In addition to social media, your website is also a great place to feature content from visitors. It will modernize the overall look and feel of your site and can also serve as a navigational element, meaning people can click on labeled images to connect directly to pages for admission or membership, etc. In my work with museums, I have seen this approach result in higher click rates.
4. To promote events and venue space
Many museums open up their space for a variety of events, from weddings to private parties and museum-hosted soirees. Instead of using images of empty rooms, why not get the party started by using visitor-generated content that shows what it’s like to attend an event at your museum?
The Canadian Museum of Nature does an excellent job of this on their facilities rental webpage to promote their event space, giving couples a firsthand look at what their wedding guests will see and experience.
Also in my hometown of Toronto, the Royal Ontario Museum (ROM) has successfully leveraged user-generated content from its weekly Friday Night Live event to attract over sixty-five thousand visitors, without any additional advertising. During the weekly bash, event coordinators put partygoers’ tagged photos up on big screens, encouraging others to capture and share the fun on their social media.
You can start small by selecting a few designated people to post live from an event. This will encourage other attendees to follow suit. You can then engage with the people who are posting about your event by reposting their content to Instagram Stories or participating in conversations that create a relationship with your brand.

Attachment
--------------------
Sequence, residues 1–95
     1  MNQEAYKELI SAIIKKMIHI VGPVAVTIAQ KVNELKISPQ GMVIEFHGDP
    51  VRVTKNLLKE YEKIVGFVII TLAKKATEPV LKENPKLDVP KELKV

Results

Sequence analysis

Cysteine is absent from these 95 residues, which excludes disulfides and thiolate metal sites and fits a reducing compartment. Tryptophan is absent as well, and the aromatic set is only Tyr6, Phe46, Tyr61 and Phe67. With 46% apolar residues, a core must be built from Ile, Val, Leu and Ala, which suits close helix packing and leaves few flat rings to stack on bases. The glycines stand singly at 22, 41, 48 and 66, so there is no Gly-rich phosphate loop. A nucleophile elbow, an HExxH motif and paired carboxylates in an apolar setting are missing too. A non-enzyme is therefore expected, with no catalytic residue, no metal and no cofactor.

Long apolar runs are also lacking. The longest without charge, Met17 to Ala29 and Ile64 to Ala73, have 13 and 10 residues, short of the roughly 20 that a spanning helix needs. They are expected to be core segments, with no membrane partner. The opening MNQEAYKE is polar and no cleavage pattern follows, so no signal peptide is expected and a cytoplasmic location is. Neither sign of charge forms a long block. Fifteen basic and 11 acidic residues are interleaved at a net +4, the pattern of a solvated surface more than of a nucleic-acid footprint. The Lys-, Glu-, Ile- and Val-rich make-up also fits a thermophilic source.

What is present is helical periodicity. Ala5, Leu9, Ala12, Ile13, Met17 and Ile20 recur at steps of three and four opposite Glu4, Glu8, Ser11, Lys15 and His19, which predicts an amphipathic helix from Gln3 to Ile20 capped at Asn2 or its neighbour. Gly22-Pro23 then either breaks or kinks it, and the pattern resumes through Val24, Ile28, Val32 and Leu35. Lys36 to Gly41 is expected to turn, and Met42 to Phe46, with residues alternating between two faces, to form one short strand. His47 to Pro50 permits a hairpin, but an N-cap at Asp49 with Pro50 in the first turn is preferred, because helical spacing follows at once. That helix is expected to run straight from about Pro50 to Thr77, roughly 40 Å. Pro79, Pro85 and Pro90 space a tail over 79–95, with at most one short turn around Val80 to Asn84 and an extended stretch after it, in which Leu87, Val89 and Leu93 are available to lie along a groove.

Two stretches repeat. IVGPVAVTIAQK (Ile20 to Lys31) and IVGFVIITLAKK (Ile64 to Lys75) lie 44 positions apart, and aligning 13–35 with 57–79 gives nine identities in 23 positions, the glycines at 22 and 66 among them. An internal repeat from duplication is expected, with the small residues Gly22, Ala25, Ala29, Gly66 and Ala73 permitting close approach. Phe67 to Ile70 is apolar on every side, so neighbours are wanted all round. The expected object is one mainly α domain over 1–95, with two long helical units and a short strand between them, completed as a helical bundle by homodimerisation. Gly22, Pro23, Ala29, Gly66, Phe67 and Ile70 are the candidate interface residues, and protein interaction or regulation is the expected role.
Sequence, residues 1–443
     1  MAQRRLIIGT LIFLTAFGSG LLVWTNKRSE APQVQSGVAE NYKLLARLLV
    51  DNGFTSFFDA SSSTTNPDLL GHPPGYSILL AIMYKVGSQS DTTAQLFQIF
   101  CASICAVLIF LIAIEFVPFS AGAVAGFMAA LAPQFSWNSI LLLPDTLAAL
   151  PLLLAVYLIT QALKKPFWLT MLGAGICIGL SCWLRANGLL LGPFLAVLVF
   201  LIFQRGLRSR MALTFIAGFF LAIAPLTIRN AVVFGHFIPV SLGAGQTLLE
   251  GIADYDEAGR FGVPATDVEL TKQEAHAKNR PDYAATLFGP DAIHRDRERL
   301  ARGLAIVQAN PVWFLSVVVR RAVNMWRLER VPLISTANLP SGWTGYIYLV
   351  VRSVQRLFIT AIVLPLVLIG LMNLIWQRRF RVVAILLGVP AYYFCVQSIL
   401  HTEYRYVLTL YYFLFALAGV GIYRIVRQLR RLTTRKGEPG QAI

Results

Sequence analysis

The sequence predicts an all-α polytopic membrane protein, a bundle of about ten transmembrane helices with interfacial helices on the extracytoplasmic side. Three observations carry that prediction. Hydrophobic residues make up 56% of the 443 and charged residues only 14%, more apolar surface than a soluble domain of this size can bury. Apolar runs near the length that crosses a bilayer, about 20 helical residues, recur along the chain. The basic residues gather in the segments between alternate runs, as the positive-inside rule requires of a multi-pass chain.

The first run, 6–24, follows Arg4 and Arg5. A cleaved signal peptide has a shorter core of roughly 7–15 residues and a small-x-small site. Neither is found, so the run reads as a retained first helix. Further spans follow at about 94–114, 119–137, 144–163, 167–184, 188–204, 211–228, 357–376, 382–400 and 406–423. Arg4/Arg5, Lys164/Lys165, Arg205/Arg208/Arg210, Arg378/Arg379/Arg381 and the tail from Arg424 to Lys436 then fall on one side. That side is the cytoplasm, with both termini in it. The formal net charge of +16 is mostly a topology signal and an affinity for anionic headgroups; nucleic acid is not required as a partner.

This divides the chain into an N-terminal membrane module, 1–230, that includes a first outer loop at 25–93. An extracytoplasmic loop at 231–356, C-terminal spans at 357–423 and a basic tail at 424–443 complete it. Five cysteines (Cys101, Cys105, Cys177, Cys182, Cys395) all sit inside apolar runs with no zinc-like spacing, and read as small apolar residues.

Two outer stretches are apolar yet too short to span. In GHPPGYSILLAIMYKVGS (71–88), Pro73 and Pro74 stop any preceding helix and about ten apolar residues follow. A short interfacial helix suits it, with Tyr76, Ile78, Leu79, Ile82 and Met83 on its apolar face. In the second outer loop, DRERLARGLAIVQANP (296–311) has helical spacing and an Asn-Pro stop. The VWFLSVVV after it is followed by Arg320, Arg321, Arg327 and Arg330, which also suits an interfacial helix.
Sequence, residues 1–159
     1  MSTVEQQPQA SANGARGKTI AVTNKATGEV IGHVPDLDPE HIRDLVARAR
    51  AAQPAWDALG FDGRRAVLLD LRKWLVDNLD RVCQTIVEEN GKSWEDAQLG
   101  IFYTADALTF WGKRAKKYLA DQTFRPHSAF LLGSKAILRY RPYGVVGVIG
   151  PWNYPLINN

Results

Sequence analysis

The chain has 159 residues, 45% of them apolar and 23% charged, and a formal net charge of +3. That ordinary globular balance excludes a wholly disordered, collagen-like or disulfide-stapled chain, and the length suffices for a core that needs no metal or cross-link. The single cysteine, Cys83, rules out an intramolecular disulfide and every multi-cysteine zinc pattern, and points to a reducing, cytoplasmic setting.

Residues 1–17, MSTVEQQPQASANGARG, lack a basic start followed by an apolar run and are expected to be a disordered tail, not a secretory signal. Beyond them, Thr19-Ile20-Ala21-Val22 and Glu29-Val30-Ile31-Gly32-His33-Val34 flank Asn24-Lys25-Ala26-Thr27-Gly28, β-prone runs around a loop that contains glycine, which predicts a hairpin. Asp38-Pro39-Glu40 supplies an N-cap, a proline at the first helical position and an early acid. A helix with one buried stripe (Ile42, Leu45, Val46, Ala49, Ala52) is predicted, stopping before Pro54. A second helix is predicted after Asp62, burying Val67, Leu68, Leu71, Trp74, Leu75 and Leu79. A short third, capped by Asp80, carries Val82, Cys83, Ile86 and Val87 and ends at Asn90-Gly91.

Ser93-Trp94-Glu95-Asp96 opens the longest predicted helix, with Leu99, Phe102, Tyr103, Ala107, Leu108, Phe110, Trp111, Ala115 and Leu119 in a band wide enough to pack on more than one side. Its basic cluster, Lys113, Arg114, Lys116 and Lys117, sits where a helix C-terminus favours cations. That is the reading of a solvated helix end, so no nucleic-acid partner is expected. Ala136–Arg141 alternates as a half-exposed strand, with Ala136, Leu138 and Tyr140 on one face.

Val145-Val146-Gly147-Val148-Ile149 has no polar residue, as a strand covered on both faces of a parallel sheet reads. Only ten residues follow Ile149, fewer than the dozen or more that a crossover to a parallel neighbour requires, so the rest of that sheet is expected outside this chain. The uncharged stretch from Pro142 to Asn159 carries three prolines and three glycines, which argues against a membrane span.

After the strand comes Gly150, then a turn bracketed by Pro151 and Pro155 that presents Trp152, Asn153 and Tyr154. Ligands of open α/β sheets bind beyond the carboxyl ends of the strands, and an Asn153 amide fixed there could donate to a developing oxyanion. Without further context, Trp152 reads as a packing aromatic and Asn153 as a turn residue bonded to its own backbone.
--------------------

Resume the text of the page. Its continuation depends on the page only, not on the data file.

5. To create connections
You can use visitor-generated content to create lasting connections by tapping into some of the fundamental reasons why museums exist, i.e., to provide a shared experience that teaches us something, provides a sense of belonging, and evokes emotion.
In this time of hyperconnectivity, your visitors will gladly capture and share their memorable and moving museum experiences across their social networks. You don’t need to look further than the use of hashtags like #museumlove or #museumselfie, which to date have more than 100 thousand tags and continue to connect current and future museum visitors.
User-generated content can have a powerful influence on someone’s decision to walk through your museum’s doors and to feel like they belong. It remains a largely untapped source of content that museums can use to reach their community.
About the author:
Museum lover Amrita Gurney is Vice President of Marketing at CrowdRiff, a company focused on unleashing the power of visual content in travel and tourism marketing.Skip over related stories to continue reading article